Other

Teaching algorithms about skin tones

When Ellis Monk's wife became pregnant in 2019, the couple became curious about what skin tone their child might have. The subject was of more than passing interest to the sociology professor, some of whose work involves ...

Electronics & Semiconductors

Using the model of a pancake stack to make better solar cells

Researchers from the University of Calgary (UCalgary), with help from colleagues at the University of Saskatchewan (USask), are one step closer to creating solar electronics that are flexible, powerful, and better for the ...

Software

Revolutionizing data access through new software tool: Tiled

Every time scientists study a new material for future batteries or investigate diseases to develop new drugs, they must wade through an ocean of data. Today, a whole ecosystem of scientific tools creates a wild variety of ...

Energy & Green Tech

Method discovered to boost energy generation from microalgae

The variety of humble algae that cover the surface of ponds and seas could hold the key to boosting the efficiency of artificial photosynthesis, allowing scientists to produce more energy and lower waste in the process.

Engineering

Helicopter-mounted device measures methane in ship exhaust

Researchers have developed a new gas sensor that is compact and lightweight enough to monitor emissions in ship exhaust from an airborne vehicle. The device uses mid-infrared supercontinuum gas spectrometry to simultaneously ...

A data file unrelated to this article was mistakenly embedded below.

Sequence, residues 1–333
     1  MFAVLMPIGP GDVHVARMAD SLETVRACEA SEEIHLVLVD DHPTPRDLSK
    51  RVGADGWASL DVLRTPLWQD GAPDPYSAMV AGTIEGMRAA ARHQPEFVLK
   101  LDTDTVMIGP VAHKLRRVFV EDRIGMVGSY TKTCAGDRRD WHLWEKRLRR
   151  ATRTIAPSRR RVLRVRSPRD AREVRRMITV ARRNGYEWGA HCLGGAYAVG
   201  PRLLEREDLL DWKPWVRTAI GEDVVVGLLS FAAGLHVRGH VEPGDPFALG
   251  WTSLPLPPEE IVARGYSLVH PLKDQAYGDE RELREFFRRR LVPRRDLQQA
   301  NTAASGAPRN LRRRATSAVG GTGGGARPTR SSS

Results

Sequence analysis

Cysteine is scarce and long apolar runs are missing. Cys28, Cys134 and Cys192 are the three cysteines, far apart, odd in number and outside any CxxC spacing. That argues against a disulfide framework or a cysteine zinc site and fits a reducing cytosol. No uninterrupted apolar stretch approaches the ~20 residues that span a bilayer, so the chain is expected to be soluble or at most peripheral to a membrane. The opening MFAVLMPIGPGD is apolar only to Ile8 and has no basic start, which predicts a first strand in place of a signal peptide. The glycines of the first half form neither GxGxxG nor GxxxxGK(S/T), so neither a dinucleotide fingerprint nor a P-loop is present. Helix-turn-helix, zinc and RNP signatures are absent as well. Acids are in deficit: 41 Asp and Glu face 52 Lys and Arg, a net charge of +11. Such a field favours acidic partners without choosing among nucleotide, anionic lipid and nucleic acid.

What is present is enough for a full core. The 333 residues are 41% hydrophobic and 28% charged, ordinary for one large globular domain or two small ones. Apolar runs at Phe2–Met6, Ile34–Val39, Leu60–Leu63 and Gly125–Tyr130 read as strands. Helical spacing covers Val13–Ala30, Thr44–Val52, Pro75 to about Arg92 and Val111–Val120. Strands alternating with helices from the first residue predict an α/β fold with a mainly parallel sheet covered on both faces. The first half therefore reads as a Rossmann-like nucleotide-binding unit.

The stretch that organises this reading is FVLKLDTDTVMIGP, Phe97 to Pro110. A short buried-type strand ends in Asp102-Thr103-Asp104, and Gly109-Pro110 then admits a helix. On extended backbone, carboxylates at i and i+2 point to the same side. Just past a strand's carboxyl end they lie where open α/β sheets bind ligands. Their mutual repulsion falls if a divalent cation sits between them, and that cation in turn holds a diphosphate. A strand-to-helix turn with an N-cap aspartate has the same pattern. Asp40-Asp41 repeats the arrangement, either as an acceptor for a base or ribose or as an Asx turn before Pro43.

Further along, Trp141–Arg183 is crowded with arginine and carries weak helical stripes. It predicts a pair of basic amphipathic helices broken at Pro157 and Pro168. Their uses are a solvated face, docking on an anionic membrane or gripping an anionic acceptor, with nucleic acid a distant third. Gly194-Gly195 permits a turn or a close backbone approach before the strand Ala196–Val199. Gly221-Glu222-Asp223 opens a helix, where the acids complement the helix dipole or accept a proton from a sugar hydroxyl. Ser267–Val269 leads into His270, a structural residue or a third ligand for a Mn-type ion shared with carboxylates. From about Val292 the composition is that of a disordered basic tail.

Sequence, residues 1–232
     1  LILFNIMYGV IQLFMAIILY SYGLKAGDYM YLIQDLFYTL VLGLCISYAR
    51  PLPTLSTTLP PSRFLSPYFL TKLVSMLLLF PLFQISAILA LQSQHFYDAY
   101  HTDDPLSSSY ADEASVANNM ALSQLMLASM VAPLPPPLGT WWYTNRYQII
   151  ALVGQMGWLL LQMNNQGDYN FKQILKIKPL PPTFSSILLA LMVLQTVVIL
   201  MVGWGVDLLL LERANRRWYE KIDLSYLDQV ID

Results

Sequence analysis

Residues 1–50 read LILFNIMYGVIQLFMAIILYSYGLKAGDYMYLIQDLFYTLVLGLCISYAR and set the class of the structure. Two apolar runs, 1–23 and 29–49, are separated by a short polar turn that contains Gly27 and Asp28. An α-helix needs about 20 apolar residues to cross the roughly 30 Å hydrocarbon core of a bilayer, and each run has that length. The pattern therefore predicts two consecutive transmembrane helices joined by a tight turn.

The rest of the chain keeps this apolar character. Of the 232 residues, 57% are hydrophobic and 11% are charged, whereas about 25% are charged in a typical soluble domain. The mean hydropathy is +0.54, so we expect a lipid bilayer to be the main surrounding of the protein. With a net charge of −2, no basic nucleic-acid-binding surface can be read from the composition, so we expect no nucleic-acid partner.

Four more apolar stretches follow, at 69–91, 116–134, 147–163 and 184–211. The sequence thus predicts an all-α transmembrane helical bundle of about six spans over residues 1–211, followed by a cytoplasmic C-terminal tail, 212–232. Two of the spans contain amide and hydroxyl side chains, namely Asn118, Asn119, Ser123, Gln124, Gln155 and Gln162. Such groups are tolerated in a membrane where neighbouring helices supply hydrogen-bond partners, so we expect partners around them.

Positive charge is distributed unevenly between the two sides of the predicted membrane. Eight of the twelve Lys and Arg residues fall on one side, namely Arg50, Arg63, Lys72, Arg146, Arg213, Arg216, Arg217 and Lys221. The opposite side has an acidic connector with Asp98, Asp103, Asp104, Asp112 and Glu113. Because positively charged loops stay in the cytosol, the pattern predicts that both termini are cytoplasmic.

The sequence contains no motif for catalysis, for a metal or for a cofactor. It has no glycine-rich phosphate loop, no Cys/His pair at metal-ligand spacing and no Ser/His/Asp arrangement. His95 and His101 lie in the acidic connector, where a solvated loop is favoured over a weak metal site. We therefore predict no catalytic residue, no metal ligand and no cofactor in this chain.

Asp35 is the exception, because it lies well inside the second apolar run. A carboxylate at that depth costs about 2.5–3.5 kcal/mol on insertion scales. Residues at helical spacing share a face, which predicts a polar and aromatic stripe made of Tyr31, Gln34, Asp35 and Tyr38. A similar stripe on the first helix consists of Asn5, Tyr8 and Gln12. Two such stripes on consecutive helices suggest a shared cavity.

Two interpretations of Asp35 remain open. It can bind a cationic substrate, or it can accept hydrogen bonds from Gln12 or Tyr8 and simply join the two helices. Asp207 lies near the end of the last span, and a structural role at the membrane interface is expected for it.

Engineering

Mantis shrimp inspires new breed of light sensors

Inspired by the eyes of mantis shrimp, researchers have developed a new kind of optical sensor that is small enough to fit on a smartphone but is capable of hyperspectral and polarimetric imaging.

Consumer & Gadgets

Why do smoke alarms keep going off even when there's no smoke?

Editor's note: MVS Chandrashekhar is a professor of electrical engineering at the University of South Carolina. In this interview, he explains how smoke detectors work and why they sometimes sound an alarm for what seems ...

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Light

Light is electromagnetic radiation, particularly radiation of a wavelength that is visible to the human eye (about 400–700 nm, or perhaps 380–750 nm.) In physics, the term light sometimes refers to electromagnetic radiation of any wavelength, whether visible or not.

Three primary properties of light are:

Light, which exists in tiny "packets" called photons, exhibits properties of both waves and particles. This property is referred to as the wave–particle duality. The study of light, known as optics, is an important research area in modern physics.

This text uses material from Wikipedia, licensed under CC BY-SA